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Back in December, I wrote a post on my blog where I compared the performances of various ETFs related to the oil industry. I was looking for the best possible proxy to match the moves of oil prices if you didn't want to play with futures. At the time, I concluded that for medium term trades, USO and the leveraged ETFs UCO and SCO were the most promising. Longer term, broader ETFs like OIH and XLE might make better investment if oil prices do recover to more profitable prices since ETF linked to futures like USO, UCO and SCO do suffer from decay. It also seemed that DIG and DUG could be promising if OIH could recover as it should with the price of oil, but that they don't make a good proxy for the price of oil itself.
Here's an interesting argument by Felix Salmon, although I think he is taking two correct observations and mistakenly attributing a cause-and-effect relationship to them: Bitcoin is going nowhere because women are not involved.
More likely, in my opinion, women are not involved in bitcoin because bitcoin is going nowhere (and they know it). Or maybe, simply, bitcoin is going nowhere and women are not involved.
Nathaniel Popper’s new book, Digital Gold, is as close as you can get to being the definitive account of the history of Bitcoin. As its subtitle proclaims, the book tells the story of the “misfits” (the first generation of hacker-l...
Kim Parlee interviews Phil on Money Talk. Be sure to watch the replays if you missed the show live on Wednesday night (it was recorded on Monday). As usual, Phil provides an excellent program packed with macro analysis, important lessons and trading ideas. ~ Ilene
The replay is now available on BNN's website. For the three part series, click on the links below.
Part 1 is here (discussing the macro outlook for the markets)
Part 2 is here. (discussing our main trading strategies)
Part 3 is here. (reviewing our pick of th...
Reminder: Pharmboy is available to chat with Members, comments are found below each post.
PSW Members - well, what a year for biotechs! The Biotech Index (IBB) is up a whopping 40%, beating the S&P hands down! The healthcare sector has had a number of high flying IPOs, and beat the Tech Sector in total nubmer of IPOs in the past 12 months. What could go wrong?
Phil has given his Secret Santa Inflation Hedges for 2015, and since I have been trying to keep my head above water between work, PSW, and baseball with my boys...it is time that something is put together for PSW on biotechs in 2015.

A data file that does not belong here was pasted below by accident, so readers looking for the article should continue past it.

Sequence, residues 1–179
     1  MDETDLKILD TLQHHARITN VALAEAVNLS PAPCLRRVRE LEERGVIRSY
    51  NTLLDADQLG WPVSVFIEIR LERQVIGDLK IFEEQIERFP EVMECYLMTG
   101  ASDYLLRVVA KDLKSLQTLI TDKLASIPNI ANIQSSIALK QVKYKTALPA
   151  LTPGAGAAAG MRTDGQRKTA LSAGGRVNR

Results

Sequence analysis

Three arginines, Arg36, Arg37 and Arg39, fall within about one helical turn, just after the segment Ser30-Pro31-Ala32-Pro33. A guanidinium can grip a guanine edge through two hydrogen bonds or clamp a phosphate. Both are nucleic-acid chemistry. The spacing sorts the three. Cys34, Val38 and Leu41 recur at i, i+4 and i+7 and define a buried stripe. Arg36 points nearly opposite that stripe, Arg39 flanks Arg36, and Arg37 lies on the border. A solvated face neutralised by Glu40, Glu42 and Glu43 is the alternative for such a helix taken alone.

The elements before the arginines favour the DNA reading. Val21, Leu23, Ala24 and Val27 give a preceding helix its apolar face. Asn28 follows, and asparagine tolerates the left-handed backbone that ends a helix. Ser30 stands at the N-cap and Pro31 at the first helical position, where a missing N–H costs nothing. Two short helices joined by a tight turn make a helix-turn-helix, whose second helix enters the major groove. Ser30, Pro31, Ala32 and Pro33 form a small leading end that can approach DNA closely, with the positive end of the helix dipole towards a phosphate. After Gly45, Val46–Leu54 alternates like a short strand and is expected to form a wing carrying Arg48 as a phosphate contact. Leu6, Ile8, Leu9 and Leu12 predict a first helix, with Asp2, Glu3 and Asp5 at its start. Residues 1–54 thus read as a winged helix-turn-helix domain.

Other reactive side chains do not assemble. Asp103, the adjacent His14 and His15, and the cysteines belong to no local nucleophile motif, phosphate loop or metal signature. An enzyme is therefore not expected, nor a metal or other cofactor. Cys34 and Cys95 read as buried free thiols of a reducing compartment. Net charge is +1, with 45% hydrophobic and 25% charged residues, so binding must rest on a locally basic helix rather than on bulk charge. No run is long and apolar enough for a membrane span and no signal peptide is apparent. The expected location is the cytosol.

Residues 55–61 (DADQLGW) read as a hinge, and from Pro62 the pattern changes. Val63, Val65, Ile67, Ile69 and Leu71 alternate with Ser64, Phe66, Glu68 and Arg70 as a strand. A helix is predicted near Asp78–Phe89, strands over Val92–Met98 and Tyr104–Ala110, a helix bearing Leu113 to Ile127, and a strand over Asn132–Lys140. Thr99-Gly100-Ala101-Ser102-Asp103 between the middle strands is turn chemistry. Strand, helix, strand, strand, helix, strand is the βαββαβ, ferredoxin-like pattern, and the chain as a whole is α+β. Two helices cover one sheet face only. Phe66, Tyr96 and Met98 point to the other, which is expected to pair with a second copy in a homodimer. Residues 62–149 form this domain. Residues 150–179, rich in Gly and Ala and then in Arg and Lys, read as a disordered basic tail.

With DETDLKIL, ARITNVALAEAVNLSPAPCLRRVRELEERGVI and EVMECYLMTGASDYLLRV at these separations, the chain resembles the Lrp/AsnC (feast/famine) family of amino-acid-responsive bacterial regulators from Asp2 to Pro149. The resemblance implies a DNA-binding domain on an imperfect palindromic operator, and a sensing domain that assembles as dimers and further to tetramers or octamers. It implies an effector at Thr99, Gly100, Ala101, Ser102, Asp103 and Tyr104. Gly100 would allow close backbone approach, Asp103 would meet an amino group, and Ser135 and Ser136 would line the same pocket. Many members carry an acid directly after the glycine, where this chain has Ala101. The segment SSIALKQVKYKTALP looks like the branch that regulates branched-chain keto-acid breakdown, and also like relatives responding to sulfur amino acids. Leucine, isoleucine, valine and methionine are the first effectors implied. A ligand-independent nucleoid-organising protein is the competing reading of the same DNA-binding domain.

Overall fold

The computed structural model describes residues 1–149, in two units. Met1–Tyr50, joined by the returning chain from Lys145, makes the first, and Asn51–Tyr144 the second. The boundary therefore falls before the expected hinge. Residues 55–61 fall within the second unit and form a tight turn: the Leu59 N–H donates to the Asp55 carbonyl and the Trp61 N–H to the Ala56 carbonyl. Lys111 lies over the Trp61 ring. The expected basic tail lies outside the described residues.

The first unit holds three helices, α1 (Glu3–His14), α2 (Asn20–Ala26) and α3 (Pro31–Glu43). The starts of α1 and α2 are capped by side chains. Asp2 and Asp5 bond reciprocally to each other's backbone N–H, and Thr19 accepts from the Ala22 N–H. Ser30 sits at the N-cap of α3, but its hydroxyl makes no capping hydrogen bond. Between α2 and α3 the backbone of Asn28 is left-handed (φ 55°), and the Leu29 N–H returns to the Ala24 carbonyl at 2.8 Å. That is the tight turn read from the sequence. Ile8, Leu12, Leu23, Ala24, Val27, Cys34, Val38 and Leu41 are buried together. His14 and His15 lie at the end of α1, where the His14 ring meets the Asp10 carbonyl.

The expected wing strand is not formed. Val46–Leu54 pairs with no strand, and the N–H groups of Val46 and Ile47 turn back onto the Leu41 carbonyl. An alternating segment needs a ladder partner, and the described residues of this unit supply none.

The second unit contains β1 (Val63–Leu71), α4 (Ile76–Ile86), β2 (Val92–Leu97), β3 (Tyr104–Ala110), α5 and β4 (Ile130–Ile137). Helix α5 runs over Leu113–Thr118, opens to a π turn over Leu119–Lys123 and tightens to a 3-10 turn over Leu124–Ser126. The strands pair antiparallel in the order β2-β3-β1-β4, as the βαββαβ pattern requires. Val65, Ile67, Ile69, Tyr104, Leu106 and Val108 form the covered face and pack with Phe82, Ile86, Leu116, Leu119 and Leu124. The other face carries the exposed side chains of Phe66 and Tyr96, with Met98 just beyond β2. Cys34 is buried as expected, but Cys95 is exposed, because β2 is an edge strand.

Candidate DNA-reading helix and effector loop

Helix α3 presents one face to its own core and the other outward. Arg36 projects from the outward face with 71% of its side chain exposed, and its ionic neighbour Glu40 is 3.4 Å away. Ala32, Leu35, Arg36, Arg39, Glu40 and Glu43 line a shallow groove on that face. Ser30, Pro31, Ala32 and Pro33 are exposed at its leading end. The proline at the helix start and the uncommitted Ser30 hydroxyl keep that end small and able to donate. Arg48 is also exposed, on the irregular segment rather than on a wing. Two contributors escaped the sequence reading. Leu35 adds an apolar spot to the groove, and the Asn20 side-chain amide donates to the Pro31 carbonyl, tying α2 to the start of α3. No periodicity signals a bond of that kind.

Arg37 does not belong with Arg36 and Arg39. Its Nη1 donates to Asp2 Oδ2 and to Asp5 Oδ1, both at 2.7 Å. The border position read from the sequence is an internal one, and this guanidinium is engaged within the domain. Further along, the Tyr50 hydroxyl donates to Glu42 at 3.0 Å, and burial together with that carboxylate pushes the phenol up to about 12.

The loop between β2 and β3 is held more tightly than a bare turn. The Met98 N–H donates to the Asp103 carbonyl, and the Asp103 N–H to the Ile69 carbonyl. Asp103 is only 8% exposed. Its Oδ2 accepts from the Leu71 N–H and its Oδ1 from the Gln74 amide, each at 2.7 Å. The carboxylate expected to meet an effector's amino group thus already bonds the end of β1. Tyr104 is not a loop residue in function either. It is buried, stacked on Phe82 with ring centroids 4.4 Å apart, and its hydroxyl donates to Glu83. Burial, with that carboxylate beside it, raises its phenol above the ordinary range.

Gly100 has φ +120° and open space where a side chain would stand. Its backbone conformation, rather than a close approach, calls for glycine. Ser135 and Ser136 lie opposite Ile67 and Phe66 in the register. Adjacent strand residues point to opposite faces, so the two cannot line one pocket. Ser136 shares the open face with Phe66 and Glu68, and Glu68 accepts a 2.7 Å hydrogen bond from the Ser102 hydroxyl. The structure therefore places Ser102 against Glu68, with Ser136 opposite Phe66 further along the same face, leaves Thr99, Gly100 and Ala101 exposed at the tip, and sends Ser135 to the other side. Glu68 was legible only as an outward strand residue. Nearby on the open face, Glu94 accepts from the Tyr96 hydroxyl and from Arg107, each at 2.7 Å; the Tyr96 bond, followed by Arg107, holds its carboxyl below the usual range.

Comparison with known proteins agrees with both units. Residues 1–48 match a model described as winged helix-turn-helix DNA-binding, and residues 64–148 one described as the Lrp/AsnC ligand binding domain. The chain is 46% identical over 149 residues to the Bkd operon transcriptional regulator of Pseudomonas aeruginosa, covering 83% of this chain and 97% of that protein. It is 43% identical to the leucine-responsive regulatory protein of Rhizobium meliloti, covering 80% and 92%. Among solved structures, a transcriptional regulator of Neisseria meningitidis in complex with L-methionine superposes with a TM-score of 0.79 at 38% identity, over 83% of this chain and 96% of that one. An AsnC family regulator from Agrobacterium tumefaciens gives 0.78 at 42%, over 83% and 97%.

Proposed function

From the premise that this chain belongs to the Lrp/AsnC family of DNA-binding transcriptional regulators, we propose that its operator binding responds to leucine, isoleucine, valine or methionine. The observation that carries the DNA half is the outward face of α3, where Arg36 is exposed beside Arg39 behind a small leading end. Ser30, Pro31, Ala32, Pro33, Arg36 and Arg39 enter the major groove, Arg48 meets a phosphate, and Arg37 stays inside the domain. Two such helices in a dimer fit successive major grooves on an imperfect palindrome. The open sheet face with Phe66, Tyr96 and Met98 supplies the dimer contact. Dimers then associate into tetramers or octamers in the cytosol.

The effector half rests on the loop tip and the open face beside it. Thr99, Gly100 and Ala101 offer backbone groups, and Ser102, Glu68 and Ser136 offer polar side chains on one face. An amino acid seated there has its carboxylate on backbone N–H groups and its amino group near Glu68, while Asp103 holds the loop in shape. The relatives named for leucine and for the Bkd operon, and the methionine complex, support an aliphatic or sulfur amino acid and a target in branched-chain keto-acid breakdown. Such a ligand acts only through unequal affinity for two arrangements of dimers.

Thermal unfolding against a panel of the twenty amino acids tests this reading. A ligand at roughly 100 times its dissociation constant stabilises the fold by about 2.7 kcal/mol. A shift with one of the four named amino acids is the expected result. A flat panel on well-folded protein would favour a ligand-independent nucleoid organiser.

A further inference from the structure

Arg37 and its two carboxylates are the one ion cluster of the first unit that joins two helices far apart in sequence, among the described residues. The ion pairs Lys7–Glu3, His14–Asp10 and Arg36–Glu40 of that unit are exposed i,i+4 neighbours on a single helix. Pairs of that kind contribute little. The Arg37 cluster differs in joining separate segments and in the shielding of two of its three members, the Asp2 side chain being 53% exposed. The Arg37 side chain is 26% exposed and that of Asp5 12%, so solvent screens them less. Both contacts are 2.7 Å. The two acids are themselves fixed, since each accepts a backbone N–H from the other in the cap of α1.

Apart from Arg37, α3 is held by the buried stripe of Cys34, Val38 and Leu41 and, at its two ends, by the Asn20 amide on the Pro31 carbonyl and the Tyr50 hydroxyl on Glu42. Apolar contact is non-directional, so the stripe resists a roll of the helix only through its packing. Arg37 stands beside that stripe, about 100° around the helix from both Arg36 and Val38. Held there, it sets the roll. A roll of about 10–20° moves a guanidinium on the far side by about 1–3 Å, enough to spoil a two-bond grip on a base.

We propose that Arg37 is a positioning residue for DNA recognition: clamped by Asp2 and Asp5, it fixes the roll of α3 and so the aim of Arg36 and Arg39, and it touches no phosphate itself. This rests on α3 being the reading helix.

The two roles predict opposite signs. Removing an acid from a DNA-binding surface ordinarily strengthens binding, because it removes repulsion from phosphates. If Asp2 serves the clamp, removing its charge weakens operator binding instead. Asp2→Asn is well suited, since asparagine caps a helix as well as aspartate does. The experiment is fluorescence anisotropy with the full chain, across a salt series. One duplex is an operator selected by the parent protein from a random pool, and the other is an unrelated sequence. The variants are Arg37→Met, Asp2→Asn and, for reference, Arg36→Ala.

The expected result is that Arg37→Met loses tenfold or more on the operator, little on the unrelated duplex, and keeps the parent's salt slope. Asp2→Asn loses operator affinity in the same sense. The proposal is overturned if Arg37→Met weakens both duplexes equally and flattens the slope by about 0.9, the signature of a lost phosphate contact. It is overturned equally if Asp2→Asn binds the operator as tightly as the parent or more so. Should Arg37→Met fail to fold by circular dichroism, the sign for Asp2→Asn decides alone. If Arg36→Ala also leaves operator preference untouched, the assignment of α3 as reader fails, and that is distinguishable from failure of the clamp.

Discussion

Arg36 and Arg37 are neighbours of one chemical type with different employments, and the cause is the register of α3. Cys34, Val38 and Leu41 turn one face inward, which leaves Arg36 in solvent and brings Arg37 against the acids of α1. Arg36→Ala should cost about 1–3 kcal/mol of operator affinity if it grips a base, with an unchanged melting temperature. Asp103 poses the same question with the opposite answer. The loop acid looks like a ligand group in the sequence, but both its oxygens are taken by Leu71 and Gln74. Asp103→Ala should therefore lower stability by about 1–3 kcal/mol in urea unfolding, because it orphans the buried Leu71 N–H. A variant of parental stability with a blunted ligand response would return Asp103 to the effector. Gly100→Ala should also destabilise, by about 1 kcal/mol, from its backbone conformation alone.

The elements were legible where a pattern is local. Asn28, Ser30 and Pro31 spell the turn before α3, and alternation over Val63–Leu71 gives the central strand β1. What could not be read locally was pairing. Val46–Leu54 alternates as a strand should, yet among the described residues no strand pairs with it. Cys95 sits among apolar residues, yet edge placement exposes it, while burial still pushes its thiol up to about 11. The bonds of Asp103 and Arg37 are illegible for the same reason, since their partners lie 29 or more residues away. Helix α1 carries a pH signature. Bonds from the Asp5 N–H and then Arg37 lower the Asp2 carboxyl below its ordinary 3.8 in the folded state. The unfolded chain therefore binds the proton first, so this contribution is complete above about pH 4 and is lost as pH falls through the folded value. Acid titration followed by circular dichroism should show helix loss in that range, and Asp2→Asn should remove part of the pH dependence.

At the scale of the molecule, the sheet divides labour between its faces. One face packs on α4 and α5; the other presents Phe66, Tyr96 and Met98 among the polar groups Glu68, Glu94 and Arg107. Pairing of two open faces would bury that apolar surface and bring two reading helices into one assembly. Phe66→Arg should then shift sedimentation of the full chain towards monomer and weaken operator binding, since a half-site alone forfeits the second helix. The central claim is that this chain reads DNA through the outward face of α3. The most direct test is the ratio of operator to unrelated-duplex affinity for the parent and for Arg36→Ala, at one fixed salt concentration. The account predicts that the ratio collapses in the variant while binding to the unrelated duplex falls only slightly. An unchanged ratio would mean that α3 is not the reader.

Cancer and fibrosis remain two of the hottest areas for VC backed biotechs to invest their monies. A number of companies have gone IPO which have drugs/technologies that fight cancer, includin...
This is a non-trading topic, but I wanted to post it during trading hours so as many eyes can see it as possible. Feel free to contact me directly at email@example.com with any questions.
Last fall there was some discussion on the PSW board regarding setting up a YouCaring donation page for a PSW member, Shadowfax. Since then, we have been looking into ways to help get him additional medical services and to pay down his medical debts. After following those leads, we are ready to move ahead with the YouCaring site. (Link is posted below.) Any help you can give will be greatly appreciated; not only to help aid in his medical bill debt, but to also show what a great community this group is.
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This material is not intended as an offer or solicitation for the purchase or sale of any security or other financial instrument. Securities or other financial instruments mentioned in this material are not suitable for all investors. Any opinions expressed herein are given in good faith, are subject to change without notice, and are only intended at the moment of their issue as conditions quickly change. The information contained herein does not constitute advice on the tax consequences of making any particular investment decision. This material does not take into account your particular investment objectives, financial situations or needs and is not intended as a recommendation to you of any particular securities, financial instruments or strategies. Before investing, you should consider whether it is suitable for your particular circumstances and, as necessary, seek professional advice.